Student-athlete representatives from the Southeastern Conference (SEC) were among those arguing the case to not make financial aid to them guaranteed for all four years during last week’s NCAA Convention according to a USA Today. Their voices swayed some, but the new measure was approved by the autonomy schools (better known as the Power 5). It has been argued its approval, and that of the “cost of living stipend,” will make fielding teams much more expensive. Kent State University is saying in order to remain competitive as an FBS school it would be spending as much as $1.1 million based on its current athletics lineup. It is one of the reasons the school announced a $35,000 assessment of its athletics program on Monday, as first reported by the Akron Beach Journal. It is also the reason given by UAB when it discontinued football, bowling, and rifle in early December 2014.
How the Southeastern Conference plays a role
The position taken by the SEC student-athlete representatives (one also voiced by those representing the Big 12 during the convention) is of note because of its place in the history of athletic scholarships in collegiate sports. The SEC was the first collegiate conference to officially sanction athletic scholarships in 1935 – three years after it was created here in Birmingham because of a split from the Southern Conference due to its increasing size. (NOTE: The folks over at Saturday Down South have an excellent write-up on the early history and make-up of the conference that you should check out.) An account by former Birmingham News sports editor Zipp Newman in his 1969 book, “The Impact of Southern Football” points out another innovation introduced to college football by the SEC. It describes an “arms race” in the late 1920s resulting from 3 out of 4 victories by Southern schools at the Rose Bowl (between 1926-1929):
There was a lot of hypocrisy in the recruiting of players. Charges and counter charges were filed in the 1920’s and early 1940’s, The large schools of the East, Mid-West, and Far West could depend on wealthy alumni to take care of their players. I do not think there was anything wrong. The Deep South simply did not have the wealthy alumni.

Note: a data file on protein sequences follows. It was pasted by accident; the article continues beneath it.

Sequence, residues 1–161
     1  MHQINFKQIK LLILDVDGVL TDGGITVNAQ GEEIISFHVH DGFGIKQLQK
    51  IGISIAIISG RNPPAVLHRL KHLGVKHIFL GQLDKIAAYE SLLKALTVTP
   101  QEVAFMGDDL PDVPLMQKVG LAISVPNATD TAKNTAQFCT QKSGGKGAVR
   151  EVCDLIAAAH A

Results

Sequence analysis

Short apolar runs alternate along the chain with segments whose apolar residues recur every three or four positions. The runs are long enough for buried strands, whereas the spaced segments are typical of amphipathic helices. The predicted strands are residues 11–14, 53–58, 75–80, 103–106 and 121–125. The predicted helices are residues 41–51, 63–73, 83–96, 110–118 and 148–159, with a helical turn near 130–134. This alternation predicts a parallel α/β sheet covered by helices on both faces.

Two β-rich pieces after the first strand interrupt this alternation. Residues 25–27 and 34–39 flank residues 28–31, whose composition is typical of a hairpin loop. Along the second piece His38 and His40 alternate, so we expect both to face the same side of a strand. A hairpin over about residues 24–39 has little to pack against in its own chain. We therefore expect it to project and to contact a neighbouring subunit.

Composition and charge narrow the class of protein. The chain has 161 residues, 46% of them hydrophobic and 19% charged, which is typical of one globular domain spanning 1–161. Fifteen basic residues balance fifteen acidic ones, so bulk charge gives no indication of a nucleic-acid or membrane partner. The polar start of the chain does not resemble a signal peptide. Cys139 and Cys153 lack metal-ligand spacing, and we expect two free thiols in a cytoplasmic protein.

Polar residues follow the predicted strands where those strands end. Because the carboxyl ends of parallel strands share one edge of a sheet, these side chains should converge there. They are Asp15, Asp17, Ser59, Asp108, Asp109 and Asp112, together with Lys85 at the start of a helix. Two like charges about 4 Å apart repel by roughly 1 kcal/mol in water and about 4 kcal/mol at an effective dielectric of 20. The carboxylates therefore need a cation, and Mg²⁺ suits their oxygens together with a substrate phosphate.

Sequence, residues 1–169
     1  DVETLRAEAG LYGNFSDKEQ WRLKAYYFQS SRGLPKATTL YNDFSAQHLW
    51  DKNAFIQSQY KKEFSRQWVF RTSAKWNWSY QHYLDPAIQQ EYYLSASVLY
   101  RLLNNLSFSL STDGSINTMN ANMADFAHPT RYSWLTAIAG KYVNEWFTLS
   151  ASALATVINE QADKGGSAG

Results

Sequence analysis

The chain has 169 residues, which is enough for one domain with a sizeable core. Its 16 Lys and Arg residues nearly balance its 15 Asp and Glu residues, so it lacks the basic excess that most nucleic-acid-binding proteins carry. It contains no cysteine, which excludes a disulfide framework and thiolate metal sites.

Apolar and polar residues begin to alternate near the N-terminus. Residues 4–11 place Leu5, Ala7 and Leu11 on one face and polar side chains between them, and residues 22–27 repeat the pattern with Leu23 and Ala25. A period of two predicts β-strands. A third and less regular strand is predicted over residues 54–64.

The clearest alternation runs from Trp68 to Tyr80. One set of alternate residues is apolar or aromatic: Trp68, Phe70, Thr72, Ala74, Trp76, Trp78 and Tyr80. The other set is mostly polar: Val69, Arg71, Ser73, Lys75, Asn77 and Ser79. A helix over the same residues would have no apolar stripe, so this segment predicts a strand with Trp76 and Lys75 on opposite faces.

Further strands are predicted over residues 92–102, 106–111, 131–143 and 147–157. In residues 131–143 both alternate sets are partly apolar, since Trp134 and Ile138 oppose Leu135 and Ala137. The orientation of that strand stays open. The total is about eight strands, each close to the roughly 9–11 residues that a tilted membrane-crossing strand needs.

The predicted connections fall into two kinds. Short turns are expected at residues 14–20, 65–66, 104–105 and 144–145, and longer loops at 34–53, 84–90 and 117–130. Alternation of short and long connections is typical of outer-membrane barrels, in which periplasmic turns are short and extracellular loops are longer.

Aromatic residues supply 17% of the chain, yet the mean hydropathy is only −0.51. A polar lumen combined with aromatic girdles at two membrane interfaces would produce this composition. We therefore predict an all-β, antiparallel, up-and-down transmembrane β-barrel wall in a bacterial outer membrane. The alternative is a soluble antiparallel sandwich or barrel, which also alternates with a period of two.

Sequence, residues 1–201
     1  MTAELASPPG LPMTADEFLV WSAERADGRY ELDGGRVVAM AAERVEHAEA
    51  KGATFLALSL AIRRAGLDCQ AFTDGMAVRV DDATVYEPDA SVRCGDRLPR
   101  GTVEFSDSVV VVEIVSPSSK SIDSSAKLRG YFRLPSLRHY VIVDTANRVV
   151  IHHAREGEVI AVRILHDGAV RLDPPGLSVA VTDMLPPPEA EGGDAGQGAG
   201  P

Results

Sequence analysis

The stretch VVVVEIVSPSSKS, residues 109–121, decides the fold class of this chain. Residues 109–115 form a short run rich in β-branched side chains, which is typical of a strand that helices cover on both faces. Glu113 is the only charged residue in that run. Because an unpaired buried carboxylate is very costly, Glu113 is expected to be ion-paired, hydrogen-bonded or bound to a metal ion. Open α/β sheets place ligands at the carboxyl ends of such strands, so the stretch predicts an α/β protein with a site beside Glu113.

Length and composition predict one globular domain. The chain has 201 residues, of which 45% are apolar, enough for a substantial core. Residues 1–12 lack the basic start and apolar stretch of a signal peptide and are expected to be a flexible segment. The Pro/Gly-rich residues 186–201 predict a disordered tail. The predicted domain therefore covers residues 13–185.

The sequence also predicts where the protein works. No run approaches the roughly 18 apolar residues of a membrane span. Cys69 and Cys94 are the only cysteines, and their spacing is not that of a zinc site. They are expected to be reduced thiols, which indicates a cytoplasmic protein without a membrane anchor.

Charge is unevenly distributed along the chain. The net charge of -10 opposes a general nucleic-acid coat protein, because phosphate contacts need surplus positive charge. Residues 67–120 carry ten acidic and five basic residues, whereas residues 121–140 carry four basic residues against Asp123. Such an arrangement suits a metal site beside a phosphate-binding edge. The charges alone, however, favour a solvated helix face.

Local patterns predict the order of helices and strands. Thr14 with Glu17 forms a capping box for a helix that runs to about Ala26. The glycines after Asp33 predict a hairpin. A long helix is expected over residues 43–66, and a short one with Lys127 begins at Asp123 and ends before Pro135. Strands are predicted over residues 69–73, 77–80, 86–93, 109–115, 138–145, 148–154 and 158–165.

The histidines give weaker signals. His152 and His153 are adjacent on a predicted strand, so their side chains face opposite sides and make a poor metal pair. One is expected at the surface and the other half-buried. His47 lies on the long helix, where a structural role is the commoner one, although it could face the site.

Never has the football world been more shocked than when the Southeastern Conference in 1944 announced a grant-in-aid. An athletic scholarship that provided room, board, books, and $15 a month for laundry. These benefits to football players were openly handled and books kept by the individual universities and colleges.
The rest of the NCAA eventually moved to adopt grant-in-aid in addition to the letter of intent. Many, including Newman, argue their adoption was at least partially made possible by the election of A.B. Moore, a dean from Alabama, as NCAA president fifty years ago this month (see page 2 of this PDF of the 1985 NCAA convention newsletter along the right hand side, though the lower right hand corner of page 1 has an interesting story as well). The reasons why such a move was made has been hypothesized often in recent years, as evidenced by this commentary penned by the Orlando Sentinel in 2013. There have also been several published theorizing the potential ramifications of the approval of the new governance rules for the autonomy schools, including this piece from 2014.
What happens next?
The expansion of the financial aid to include a stipend follows in conference tradition; whether or not the implementation of guaranteed four-year aid will be beneficial in the long term with need to be determined later. The autonomy schools are prepared for the changes for now though, with Missouri already announcing their placing an additional $1 million aside in their budget to accommodate the increased costs (as told to the St. Louis Post-Dispatch earlier today). It’s worth noting that according to the data we compiled for our January 19 piece, they were only providing a 1.99% subsidy to their athletics budget in 2013; the Alabama Crimson Tide was receiving just over 4% despite being one of the 20+ teams in the FBS to actually turn a profit. Missouri and Alabama have seen 19% and 29% decreases respectively in the percentage their overall budgets coming from state appropriations due to significant reductions in funding.
Photo: Bryant-Denny Stadium pre-game Alabama vs. Tennessee, 2011. File photo.